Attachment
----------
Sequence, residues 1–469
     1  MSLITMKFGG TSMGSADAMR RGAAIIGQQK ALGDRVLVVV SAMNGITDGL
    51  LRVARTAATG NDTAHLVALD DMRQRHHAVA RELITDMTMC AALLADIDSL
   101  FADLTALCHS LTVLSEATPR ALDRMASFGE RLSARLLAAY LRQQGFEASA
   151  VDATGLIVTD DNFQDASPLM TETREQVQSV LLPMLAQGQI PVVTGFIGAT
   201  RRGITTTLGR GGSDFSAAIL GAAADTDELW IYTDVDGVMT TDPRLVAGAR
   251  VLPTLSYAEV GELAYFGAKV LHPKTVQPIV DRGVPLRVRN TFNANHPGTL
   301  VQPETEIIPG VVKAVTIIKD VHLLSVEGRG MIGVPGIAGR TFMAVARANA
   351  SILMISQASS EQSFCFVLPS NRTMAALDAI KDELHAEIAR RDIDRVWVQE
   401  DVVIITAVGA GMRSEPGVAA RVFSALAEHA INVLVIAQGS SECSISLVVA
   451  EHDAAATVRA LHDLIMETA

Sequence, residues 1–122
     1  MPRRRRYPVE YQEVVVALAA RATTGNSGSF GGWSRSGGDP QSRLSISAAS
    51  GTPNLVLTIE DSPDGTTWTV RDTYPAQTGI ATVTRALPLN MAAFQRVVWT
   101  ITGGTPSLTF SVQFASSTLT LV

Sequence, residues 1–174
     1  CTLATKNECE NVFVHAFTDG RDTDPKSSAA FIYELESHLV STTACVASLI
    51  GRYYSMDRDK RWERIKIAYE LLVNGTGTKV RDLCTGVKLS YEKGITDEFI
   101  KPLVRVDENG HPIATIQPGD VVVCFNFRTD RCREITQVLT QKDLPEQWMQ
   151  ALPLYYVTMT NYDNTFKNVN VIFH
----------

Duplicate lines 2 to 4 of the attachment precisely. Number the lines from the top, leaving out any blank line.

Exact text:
     1  MSLITMKFGG TSMGSADAMR RGAAIIGQQK ALGDRVLVVV SAMNGITDGL
    51  LRVARTAATG NDTAHLVALD DMRQRHHAVA RELITDMTMC AALLADIDSL
   101  FADLTALCHS LTVLSEATPR ALDRMASFGE RLSARLLAAY LRQQGFEASA